Debra's path to the education profession began with her service in the United States Army as a Korean linguist - prior to the military's Don't Ask, Don't Tell policy. (Her story is featured in Vincent Cianni’s award-winning book Gays in the Military). After teaching English at a private academy on the outskirts of Ulsan, South Korea, she returned to the United States in 2004 and spent the next decade teaching English and a variety of humanities courses to new immigrants and refugees at a large, urban, truly diverse high school. During that time, she produced two documentary films, Hard Truth, Levity and Hope (2011) and Through Gay Eyes (2013) to promote awareness of individuals who are ignored, marginalized or excluded within the public school system.

The personal and professional experiences of being a U.S. Army veteran, author, documentary filmmaker, veteran (former) classroom teacher, public speaker, and wife of a behavior analyst are woven into her approach to advance History UnErased's mission. Since 2014, Debra has been providing professional development training in a variety of contexts on the inclusion of LGBT+ history, speaking at various conferences and public events, and developing and co-authoring Intersections and Connections Curriculum and complementing instructional resources.

Debra has authored LGBT+ inclusive supplemental resources for New York City public schools in partnership with Making Gay History - The Podcast, participated in the most recent revision of the Massachusetts History and Social Sciences Curriculum Framework as the LGBT+ history Content Advisor, and co-authored the first National Council for the Social Studies (NCSS) Position Statement on LGBT+ history with Dr. Steven LaBounty-McNair. Debra was NBC Out’s PRIDE 30 honoree in 2017, is an Advisory Board member with ONE Archives Foundation and the Smithsonian Museum of American History LGBTQ Digital Archives Project, and a member of the Queer History South Consortium.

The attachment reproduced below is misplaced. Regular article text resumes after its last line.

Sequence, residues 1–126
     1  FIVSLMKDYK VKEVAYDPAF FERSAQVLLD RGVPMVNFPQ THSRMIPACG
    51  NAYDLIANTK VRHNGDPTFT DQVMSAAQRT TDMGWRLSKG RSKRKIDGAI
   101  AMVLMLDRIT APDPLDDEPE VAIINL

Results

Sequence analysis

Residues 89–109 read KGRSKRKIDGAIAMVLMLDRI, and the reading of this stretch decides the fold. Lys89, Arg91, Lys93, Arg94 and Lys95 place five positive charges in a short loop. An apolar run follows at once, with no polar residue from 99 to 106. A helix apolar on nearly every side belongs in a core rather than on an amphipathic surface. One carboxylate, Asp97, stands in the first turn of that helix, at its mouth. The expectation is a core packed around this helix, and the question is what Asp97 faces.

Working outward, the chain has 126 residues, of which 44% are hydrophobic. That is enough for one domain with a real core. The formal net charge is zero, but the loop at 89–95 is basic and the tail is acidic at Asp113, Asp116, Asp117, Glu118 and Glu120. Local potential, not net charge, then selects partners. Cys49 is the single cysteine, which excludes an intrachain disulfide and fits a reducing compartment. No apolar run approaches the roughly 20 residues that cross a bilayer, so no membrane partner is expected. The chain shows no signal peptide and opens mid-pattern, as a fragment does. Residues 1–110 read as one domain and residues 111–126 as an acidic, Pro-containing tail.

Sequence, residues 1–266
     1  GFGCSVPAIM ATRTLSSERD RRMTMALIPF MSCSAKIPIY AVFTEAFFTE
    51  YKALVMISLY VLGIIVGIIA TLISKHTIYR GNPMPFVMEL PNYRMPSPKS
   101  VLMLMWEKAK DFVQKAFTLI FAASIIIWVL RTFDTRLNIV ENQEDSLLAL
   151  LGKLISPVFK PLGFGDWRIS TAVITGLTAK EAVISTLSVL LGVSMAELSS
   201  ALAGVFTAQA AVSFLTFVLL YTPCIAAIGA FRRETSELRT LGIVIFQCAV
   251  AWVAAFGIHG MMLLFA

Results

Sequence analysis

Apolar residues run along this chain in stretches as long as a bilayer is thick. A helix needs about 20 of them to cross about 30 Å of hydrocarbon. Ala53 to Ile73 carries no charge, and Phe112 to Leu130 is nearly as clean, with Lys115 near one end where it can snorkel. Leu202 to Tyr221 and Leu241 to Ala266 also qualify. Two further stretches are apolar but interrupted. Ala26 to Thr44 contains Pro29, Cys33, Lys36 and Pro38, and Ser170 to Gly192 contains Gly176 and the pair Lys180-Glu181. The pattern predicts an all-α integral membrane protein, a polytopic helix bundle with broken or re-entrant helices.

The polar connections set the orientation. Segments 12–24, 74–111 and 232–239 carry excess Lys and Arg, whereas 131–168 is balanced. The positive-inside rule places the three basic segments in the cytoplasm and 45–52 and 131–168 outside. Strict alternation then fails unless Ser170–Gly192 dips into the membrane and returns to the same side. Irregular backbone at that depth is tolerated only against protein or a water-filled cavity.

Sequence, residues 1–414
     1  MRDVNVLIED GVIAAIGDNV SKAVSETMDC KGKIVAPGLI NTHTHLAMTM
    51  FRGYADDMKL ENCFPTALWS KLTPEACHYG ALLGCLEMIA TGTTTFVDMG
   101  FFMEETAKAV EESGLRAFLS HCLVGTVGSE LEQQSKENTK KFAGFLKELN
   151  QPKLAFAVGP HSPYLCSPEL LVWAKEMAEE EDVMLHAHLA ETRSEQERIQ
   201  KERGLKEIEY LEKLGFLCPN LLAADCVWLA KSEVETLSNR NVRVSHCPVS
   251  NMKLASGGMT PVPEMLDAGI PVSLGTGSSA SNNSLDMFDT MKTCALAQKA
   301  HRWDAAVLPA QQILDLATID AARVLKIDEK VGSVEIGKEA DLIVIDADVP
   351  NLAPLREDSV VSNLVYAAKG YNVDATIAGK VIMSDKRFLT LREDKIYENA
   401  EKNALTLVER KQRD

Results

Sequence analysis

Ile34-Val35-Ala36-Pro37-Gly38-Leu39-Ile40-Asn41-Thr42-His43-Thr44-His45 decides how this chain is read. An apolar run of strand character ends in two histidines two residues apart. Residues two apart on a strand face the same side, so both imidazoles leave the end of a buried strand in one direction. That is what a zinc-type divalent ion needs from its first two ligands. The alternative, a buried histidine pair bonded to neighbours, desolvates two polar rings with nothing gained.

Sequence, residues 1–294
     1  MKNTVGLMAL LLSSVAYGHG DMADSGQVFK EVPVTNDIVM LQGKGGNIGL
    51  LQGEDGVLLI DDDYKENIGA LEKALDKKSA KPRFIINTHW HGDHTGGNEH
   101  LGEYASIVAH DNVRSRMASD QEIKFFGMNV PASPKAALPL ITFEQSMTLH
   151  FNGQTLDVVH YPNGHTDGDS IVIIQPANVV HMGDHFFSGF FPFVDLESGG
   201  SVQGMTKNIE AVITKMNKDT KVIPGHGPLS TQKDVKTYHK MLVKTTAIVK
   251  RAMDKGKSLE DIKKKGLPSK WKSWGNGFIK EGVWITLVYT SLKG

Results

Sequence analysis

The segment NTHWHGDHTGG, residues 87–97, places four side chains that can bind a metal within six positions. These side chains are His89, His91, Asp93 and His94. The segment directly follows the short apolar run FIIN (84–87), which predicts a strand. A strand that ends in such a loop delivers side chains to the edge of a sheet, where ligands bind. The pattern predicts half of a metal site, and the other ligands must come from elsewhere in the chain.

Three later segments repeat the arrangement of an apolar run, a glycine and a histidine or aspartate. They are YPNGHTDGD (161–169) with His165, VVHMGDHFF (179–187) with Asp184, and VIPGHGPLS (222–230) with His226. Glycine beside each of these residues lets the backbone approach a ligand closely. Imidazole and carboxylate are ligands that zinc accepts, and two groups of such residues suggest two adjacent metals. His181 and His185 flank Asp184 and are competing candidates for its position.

Dr. Steven LaBounty-McNair - Director of Professional Learning and Development

Educator, curriculum developer, and state policymaker, Steven has spent the last decade in the public education sector working to understand policy development and implementation processes with a focus on yielding more equitable outcomes for all. His dissertation was a 2019 finalist for the Dean's Medal for Outstanding Doctoral Work at Northeastern University, which concluded the need for high-quality curriculum materials and professional learning experiences in both pre- and in-service educational settings to achieve more equitable representation of LGBT+ identities in educative communities. The purpose of Steven's narrative inquiry study was to understand how teachers' stories reflected the degree in which they give voice or contribute to the silence around LGBT+ inclusive topics in history and the social studies.


History UnErased's professional development facilitators are highly-skilled educators who weave their teaching experience into the intellectual preparation experience and ensure educators are well-prepared to introduce LGBT+ inclusive curriculum with proficiency and confidence.

Read the NCSS Position Statement on Contextualizing LGBT+ History within the Social Studies Curriculum, co-authored by History UnErased's Executive Director and Director of Professional Learning and Development HERE